This is the time of year when we calculate statistics that tell us something about next fall’s incoming College first-years. By almost any measure, the Class of 2017 is a great class — high achieving, with wide and interesting experiences, geographically and ethnically diverse.
But here is one of the less-heralded numbers and, I think, one of the most telling: Approximately 60 percent of the Class of 2017 has been offered scholarship or need-based grant awards, and we estimate the average need-based financial aid award totals roughly $39,631.
That is a powerful statement of the University’s values. In a community devoted to free inquiry in which ideas are heard and tested on their merit, we cannot let finances be a bar to entry. On the contrary, the University needs the talent, breadth of experience, and viewpoints of all of our best applicants. So in the College, we do not consider a family’s ability to pay in deciding whether to admit a student, and we commit to meeting that student’s financial need.
In fact, we go beyond that. Recognizing that heavy debt loads would limit the options of our graduates, we continue to push down the amount of debt we ask students to incur as a part of their contribution to paying for a University of Chicago education. Most notably, our Odyssey Scholarships replace loans with grants, eliminating an average of $18,000 in debt each for more than 1,100 recipients. This year, we extended our no-loan pledge to all students from the city of Chicago who qualify for financial aid through UChicago Promise.
That progress is one of the reasons our average student debt is less than 80 percent of the national average for private colleges, and two-thirds of our College students graduate debt-free.
This level of commitment to financial aid has a huge impact—especially in this economic climate when other sources of University funding are under pressure and families’ needs are greater than ever. Many colleges and universities have scaled back on their financial aid commitments since the economic downturn. Some have abandoned no-loan pledges, or even reconsidered need-blind admission policies.
By contrast, over the last decade, the University of Chicago has increased annual financial aid from federal, state, and institutional sources for undergraduate students from under $35 million to more than $100 million. The University also provides more than $190 million in annual graduate student support campus-wide.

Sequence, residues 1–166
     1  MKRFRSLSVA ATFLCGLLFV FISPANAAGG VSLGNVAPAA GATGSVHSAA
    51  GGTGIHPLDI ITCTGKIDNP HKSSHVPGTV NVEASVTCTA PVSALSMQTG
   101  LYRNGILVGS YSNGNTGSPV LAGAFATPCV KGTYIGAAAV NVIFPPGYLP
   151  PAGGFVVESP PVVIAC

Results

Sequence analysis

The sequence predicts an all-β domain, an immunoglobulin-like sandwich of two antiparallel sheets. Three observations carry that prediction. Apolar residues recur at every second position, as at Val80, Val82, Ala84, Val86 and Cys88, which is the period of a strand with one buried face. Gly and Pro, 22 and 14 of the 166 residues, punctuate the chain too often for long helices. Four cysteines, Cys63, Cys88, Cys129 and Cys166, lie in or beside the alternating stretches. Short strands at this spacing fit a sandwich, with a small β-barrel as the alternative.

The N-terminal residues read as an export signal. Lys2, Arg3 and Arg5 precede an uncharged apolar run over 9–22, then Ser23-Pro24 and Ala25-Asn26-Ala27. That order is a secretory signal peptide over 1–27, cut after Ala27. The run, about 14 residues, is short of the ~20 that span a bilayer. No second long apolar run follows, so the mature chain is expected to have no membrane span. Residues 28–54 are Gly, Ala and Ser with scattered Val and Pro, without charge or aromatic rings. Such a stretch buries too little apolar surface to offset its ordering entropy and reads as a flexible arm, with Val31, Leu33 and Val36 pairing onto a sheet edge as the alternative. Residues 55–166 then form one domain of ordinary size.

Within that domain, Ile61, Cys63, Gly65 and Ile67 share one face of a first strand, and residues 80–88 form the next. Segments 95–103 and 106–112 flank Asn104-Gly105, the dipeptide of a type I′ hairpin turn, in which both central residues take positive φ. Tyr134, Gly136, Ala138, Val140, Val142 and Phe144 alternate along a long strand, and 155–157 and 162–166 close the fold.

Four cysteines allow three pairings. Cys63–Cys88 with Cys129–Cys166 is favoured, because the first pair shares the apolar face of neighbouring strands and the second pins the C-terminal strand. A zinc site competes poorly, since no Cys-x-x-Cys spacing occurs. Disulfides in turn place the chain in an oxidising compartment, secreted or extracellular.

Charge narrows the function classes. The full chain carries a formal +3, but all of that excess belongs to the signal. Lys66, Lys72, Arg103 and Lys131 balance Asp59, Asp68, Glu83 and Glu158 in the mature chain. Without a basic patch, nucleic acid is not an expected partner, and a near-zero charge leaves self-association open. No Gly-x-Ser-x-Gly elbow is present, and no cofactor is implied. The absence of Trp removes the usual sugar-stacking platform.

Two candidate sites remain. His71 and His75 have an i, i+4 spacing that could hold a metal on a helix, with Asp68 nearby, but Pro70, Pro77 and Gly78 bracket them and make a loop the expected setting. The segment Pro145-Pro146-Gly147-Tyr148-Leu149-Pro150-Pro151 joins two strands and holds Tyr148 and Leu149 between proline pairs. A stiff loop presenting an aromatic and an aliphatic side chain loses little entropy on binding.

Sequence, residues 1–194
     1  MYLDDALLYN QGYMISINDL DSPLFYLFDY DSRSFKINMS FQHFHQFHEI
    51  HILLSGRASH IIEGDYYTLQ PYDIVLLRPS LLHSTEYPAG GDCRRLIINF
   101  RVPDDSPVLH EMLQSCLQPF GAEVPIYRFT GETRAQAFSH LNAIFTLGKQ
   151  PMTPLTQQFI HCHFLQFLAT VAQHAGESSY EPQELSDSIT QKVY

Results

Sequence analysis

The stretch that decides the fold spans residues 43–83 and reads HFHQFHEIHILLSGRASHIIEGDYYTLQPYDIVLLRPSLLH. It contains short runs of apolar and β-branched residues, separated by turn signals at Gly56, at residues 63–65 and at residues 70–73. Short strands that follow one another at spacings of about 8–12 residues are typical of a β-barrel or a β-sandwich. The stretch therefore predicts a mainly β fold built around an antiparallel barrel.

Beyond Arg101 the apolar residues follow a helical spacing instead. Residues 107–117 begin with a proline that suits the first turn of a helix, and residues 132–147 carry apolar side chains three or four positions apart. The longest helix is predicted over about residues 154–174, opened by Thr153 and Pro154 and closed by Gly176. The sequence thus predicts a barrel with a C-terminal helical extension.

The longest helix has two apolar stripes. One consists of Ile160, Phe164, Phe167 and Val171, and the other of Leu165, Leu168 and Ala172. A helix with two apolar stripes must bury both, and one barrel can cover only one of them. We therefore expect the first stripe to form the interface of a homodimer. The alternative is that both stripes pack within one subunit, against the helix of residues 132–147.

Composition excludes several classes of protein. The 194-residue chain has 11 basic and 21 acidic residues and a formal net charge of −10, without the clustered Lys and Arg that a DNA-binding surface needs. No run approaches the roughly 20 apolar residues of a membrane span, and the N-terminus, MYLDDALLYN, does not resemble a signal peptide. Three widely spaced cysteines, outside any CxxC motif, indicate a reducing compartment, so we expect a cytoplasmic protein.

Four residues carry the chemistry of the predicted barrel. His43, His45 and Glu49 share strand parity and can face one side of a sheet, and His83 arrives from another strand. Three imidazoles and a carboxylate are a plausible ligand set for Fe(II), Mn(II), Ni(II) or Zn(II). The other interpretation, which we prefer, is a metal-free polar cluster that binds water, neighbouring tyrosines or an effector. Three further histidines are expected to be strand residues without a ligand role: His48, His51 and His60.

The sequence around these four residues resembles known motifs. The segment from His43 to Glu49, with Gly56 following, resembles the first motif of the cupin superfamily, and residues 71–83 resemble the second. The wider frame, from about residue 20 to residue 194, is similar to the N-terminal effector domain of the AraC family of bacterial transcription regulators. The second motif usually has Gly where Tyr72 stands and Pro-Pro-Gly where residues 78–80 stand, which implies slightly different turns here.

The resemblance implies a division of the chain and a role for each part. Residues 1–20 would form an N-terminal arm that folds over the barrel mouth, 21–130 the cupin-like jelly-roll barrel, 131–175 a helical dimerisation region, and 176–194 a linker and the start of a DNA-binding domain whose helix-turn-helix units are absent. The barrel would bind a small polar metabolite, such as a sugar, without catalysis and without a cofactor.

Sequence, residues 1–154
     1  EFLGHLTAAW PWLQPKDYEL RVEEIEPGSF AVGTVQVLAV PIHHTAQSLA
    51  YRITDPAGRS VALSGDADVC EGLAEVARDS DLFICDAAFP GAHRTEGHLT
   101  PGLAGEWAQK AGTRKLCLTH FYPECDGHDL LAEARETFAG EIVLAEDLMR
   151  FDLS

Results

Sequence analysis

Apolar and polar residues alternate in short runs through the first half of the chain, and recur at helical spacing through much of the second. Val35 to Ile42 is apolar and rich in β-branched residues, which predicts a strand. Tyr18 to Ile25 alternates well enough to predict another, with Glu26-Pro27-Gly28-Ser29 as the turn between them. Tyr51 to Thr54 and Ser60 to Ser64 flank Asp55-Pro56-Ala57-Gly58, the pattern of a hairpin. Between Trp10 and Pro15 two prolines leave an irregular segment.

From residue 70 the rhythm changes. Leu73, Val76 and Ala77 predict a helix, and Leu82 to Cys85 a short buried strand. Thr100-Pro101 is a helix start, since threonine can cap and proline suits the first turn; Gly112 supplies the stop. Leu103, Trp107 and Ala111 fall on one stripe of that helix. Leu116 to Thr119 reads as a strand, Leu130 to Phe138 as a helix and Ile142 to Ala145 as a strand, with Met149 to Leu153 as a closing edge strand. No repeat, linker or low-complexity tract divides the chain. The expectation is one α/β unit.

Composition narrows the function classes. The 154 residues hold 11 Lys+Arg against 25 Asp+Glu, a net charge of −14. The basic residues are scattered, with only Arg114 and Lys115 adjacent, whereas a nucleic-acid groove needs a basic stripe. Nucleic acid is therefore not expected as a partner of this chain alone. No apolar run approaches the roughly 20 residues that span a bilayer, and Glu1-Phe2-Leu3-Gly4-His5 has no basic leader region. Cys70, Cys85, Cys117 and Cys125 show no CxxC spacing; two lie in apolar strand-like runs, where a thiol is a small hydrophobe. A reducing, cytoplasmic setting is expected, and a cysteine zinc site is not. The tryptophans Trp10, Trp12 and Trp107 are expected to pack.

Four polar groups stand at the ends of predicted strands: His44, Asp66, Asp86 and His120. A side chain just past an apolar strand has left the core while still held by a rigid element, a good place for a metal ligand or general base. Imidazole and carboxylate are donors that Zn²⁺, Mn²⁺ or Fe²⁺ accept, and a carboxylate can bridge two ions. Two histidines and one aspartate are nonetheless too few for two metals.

The same willingness to invest in opportunity applies across the University. Since 2007, the University has invested $54 million in additional financial support for graduate students, including the Graduate Aid Initiative, which provides tuition, health insurance, stipends, research support, and other benefits to many doctoral students.
In order to ensure commitment and progress over the long term, we have made financial aid a fundraising priority. Our most dedicated supporters have responded generously, and many new donors have also been inspired to give. Since President Zimmer’s tenure began in 2006, more than 15,000 alumni and supporters of the University have contributed in excess of $259 million toward student financial aid, including aid for undergraduates and graduate students.
That includes the $100 million anonymous donation that established the Odyssey Scholarships, which benefit one in every five undergraduates. That gift also created a challenge that other donors have met with more than $60 million for the program.
That kind of generosity has changed the course of graduate educations. In 2010, University Trustee and alumnus David Rubenstein (J.D. ’73) gave $10 million to fund 60 full-tuition merit scholarships in the Law School. The Frank family contributed a gift of $10 million to provide scholarships for students in the University’s joint M.D./Ph.D. program. And a number of generous alumni created the Distinguished Fellows Program in the Booth School of Business to honor longtime professor, award-winning teacher, and scholar of business history John E. Jeuck.
President Zimmer recently wrote in The University of Chicago Magazine that “scholarships and fellowships across campus [honor] the generous gifts of alumni who recognize the distinctive education that they received and respond by extending strengthened opportunities to future generations. Each scholarship also represents the great philanthropic tradition that lies at the heart of this university and continues today.” Especially in the face of difficult economic times, we must continue to provide access to students from a wide range of backgrounds, whose varying perspectives enrich the University’s intellectual culture and underscore our core values. This has been our commitment for over a century and will remain a driving force in our efforts to maintain the University of Chicago as an intellectual destination where multiple perspectives come together to generate knowledge and to make this world a better place.
James G. Nondorf is Vice President for Enrollment and Student Advancement and Dean of College Admissions and Financial Aid.